Last week, we likened the general elections in Nigeria, which happens every four years, to a wilderness or desert experience or even a recession; indeed a disaster– some kind of bind that grips everything and everyone, spelling uncertainty everywhere, from business activity to social welfare. We explained the similarity, which election season in our country shares with a recession. It was evident, from that discussion that SMEs in Nigeria pass through a near-death experience; something akin to a recession or probably worse, when inventories pile up, sales plummet and output shrinks. Disposable income crashes and the almighty consumer spending power vaporises. We christened this situation Desert, Wilderness or Purgatory experience – some self-mortification and purification processes in which some religious groups indulge.
Booms and burst do not last forever and so do wilderness and purgatory experiences. They all come to an end someday, and those that endured would have their lives back and continue to live. The challenge is that the benefits of a wilderness experience are not automatic. Only those businesses that have the discipline, and who follow through, will pick up easily after a disaster, and quickly return to profitability. Today, we look at life after political or election-induced recession, as a resource for the survival of SMEs. Without doubt, Nigerians, and in particular SME operators, cannot wait for the elections to pass this Saturday so they can have their lives back.
Unfortunately, the statistics on the rate at which small businesses reopen their doors after a disaster is a very sad one. As much as 60 percent of them never reopen their doors after major disasters, including fire, flooding, security breaches or serious system compromises. Comparing some of these disasters with the negative consequences of our general elections might appear like putting apples against oranges, they are comparable. The problem is that the bulk of our entrepreneurs are not famous for record-keeping, so they hardly know the massive disasters that have been hitting them ever since. Beside, when we consider the financial strength of the average SME in Nigeria we know that an “election recession” is a major one and actually something in the family of a tsunami. For our kind of SMEs, an election carries consequences that compare favourably with any other kind of serious disaster. Granted that unlike a regular recession, “election recession”, while destroying jobs, may also create some new ones, especially in the thuggery industry, but the net effect is still a minus for the economy. At the end of it all, there is a recovery to be achieved by all businesses, after an election in Nigeria.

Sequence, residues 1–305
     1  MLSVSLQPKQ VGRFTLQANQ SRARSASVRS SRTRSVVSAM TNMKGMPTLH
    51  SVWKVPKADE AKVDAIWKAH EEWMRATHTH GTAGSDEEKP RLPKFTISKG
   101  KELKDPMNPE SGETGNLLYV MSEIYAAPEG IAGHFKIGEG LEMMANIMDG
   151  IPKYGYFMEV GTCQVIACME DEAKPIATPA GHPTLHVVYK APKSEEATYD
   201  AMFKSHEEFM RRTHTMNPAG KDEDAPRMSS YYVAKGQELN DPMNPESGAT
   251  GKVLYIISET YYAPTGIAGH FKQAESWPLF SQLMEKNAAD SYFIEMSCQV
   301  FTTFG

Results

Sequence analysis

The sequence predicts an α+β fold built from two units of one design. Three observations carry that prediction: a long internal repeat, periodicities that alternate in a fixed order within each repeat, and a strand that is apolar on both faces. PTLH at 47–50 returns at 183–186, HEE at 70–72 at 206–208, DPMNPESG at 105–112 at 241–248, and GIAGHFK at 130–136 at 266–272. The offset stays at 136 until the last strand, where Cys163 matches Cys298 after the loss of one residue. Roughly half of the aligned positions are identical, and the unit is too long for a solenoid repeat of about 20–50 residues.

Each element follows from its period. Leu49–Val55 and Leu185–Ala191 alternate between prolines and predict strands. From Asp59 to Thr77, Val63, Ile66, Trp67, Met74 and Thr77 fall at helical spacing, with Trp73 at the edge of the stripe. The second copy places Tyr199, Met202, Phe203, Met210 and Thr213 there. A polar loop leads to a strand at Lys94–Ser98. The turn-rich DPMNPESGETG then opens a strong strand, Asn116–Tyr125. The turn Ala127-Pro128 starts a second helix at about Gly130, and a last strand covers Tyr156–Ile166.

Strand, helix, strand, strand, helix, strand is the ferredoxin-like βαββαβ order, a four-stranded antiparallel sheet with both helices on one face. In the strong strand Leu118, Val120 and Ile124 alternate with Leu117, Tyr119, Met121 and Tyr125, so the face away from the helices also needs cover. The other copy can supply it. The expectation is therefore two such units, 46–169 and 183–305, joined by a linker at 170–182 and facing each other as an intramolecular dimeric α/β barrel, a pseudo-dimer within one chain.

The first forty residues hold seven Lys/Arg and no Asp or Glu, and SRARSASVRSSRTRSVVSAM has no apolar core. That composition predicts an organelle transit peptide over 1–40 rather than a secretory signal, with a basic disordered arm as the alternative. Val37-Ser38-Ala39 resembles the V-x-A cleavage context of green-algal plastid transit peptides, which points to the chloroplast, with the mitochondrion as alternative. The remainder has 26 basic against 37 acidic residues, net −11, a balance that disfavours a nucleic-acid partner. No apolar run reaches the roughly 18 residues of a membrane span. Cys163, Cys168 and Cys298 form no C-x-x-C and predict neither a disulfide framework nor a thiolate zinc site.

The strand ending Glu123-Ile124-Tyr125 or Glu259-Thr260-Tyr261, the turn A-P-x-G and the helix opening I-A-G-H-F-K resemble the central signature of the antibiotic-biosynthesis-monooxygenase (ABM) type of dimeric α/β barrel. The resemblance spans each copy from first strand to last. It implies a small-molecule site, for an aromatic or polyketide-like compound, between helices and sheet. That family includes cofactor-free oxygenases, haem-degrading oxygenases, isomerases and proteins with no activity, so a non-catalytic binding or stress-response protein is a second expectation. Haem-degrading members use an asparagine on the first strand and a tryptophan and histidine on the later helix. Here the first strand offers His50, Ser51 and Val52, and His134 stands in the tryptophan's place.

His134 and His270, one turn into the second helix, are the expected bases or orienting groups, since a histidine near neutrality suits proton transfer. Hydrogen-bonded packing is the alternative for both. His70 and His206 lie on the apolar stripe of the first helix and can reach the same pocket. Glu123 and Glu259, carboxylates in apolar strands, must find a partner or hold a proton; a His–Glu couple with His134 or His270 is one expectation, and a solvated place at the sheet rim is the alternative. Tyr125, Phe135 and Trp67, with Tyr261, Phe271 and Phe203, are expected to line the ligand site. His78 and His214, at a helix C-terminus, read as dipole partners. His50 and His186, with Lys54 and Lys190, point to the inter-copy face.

For SMEs that want to recover quickly, the first thing to do is a proper and comprehensive environmental scan. Proper diagnosis, they say, is the foundation of any effective medical treatment. It is therefore important that the operator understands what happened to his business during the layover period. During layovers that occur in the transport field, the vehicle stops and passengers do a few things but they do not move forward along their routes. In the rail travel industry, passengers may disembark to change trains but the time they spend doing this is usually short compared to a layover that occurs in the air travel industry. Here passengers disembark, and sometimes wait for several hours to catch the next plane. So during this election recession layover, many things happened to the small businesses operated by our entrepreneurs.
The primary action, after the disaster therefore, is to review the business in general, and take inventory of what has happened to know the extent of the damage. This process begins with a determination of the status of its staff complement. During recessions, staff are let go and some are “stood off”. The company needs to know how many staff have been disengaged, how many are temporarily laid off and how many of these are available, should the company want them back. Obviously, many would have moved on and it is important to know how they may be reached or replaced if need be.